BENEFITS OF CUSTOM MOUTHGUARDS 

The benefits of getting a custom mouthguard are many, which is why we’ve dedicated a section to explain why you should consider getting your child (or yourself) fitted for a custom mouthguard. Here are a few advantages of investing in a custom mouthguard from your dentist:

 

Perfect Fit 

Even at its best, a stock mouthguard will only fit well enough to stay on your teeth when your mouth is closed. A boil-and-bite mouthguard will fit better than that, but it will still be prone to coming loose, especially if you wear it regularly. That problem is fixed with a custom mouthguard. 

A qualified dentist like Adam Brown can have a mouthguard perfectly fitted to your teeth. You’ll simply come in to have an impression taken of your teeth, the cast will be sent to a dental lab, and you’ll come back to the dental office to test its fit. Chances are you’ll leave with a reliable mouthguard that fits snuggly and comfortably.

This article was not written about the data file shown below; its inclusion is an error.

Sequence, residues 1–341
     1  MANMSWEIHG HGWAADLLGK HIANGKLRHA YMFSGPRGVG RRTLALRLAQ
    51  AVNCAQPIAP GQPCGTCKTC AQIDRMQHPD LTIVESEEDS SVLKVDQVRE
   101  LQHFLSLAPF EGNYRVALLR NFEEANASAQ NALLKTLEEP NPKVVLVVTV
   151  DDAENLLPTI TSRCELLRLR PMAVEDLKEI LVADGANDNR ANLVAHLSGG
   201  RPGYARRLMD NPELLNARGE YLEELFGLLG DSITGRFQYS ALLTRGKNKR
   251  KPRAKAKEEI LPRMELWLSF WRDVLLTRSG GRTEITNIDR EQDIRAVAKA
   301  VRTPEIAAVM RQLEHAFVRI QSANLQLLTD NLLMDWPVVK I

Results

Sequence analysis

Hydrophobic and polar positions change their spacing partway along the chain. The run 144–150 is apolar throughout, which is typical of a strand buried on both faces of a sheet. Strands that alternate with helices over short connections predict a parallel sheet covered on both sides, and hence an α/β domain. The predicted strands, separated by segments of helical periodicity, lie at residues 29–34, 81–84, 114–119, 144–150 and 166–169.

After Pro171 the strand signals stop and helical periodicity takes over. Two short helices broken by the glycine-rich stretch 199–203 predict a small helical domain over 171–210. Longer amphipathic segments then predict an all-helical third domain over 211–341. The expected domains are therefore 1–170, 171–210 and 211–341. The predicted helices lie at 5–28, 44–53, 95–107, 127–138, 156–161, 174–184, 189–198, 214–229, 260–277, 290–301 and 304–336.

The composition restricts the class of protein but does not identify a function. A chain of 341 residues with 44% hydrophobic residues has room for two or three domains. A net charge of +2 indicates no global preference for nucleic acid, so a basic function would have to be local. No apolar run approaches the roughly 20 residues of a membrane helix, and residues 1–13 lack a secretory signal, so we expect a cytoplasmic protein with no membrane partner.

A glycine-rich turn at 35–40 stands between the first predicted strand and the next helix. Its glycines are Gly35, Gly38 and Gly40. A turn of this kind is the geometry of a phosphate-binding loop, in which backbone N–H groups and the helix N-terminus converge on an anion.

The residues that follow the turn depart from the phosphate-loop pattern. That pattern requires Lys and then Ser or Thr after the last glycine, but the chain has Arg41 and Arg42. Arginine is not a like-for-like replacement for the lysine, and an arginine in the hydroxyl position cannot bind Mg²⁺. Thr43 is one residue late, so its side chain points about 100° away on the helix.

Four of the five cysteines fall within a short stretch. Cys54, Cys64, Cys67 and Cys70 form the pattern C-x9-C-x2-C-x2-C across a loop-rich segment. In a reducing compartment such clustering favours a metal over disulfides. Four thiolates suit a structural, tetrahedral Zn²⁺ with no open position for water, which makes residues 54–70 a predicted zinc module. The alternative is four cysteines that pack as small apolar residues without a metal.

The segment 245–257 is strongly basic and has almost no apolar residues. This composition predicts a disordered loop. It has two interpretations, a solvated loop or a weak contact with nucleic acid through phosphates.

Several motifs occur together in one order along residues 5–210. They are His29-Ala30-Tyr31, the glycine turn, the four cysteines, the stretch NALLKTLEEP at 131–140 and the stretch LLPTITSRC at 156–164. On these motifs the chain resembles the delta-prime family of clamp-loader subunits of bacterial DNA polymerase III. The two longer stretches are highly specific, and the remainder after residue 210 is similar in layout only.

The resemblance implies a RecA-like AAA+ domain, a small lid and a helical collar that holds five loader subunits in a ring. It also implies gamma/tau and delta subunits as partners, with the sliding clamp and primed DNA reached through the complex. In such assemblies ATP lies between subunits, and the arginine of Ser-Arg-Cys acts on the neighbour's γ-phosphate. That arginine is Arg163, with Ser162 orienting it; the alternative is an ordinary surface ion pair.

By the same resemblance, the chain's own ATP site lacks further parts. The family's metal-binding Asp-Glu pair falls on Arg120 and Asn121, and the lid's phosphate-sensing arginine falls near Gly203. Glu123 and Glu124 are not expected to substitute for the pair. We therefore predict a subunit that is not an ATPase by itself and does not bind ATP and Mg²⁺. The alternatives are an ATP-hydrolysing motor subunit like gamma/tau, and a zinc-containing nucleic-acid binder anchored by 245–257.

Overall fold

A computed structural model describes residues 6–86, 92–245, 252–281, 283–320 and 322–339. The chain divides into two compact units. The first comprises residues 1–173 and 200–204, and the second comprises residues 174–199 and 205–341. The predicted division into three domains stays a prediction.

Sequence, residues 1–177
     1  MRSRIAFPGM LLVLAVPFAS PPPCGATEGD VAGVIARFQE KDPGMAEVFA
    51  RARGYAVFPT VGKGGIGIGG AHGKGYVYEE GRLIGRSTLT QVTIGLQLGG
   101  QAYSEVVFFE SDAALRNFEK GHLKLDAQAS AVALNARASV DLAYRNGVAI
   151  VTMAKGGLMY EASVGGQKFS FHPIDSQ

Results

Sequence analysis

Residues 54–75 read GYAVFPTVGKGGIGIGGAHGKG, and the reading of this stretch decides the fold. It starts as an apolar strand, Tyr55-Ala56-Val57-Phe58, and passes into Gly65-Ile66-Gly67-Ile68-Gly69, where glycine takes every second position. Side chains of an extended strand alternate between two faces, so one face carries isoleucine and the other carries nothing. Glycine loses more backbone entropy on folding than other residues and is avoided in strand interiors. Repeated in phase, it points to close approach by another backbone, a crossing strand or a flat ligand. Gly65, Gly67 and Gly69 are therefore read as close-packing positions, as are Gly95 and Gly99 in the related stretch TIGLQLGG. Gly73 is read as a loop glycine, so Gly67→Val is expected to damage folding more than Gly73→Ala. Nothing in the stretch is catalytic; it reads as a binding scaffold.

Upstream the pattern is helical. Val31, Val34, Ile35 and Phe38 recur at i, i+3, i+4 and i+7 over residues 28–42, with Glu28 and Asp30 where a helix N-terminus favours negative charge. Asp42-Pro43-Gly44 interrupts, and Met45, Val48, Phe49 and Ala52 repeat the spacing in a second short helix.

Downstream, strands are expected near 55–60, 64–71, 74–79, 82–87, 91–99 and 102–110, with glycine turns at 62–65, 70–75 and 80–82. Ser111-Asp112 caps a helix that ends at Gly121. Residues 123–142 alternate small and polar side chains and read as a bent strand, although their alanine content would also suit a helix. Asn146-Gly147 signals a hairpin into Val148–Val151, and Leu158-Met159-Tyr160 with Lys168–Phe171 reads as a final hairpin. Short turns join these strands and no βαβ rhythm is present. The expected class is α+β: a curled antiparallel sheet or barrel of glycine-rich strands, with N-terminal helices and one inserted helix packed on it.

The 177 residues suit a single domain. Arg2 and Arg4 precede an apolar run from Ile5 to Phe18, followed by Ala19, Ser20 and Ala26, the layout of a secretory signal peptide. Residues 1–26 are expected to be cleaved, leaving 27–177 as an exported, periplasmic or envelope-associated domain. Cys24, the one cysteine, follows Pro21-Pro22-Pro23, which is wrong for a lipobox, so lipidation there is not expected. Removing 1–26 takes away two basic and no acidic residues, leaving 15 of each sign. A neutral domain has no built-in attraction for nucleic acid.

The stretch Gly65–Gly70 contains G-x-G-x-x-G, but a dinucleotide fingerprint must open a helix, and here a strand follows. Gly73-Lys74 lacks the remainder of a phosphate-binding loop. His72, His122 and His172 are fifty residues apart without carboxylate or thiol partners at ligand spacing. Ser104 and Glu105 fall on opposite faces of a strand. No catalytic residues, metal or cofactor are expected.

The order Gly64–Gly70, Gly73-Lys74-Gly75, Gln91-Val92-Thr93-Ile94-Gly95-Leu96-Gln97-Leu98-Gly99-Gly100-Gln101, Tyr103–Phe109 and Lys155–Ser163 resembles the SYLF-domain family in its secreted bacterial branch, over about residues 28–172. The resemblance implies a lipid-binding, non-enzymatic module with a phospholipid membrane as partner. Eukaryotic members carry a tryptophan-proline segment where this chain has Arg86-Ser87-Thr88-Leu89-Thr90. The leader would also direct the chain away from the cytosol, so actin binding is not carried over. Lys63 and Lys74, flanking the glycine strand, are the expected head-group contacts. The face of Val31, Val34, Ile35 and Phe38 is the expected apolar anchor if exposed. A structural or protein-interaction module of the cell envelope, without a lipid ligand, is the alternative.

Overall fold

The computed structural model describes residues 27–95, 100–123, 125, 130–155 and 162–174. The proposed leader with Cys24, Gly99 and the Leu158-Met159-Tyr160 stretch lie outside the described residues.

Optimal Comfort

When a custom mouthguard is fabricated for your teeth and mouth, it’s simply going to be more comfortable than a generic mouthguard. This is especially critical for children. After all, if your child’s mouthguard hurts or irritates them, they will be less likely to wear it of their own volition. 

 

Better Protection

Along with optimal fit and comfort, a custom mouthguard will provide you with more protection than other types. And protection is the whole point when it comes to mouthguards. The reason for this is that a custom impression will account for all the unique shapes and features of your teeth and mouth. For example, if your child has braces, a custom mouthguard will be shaped to accommodate the wires; that way, the wires won’t hurt your child or break during impact.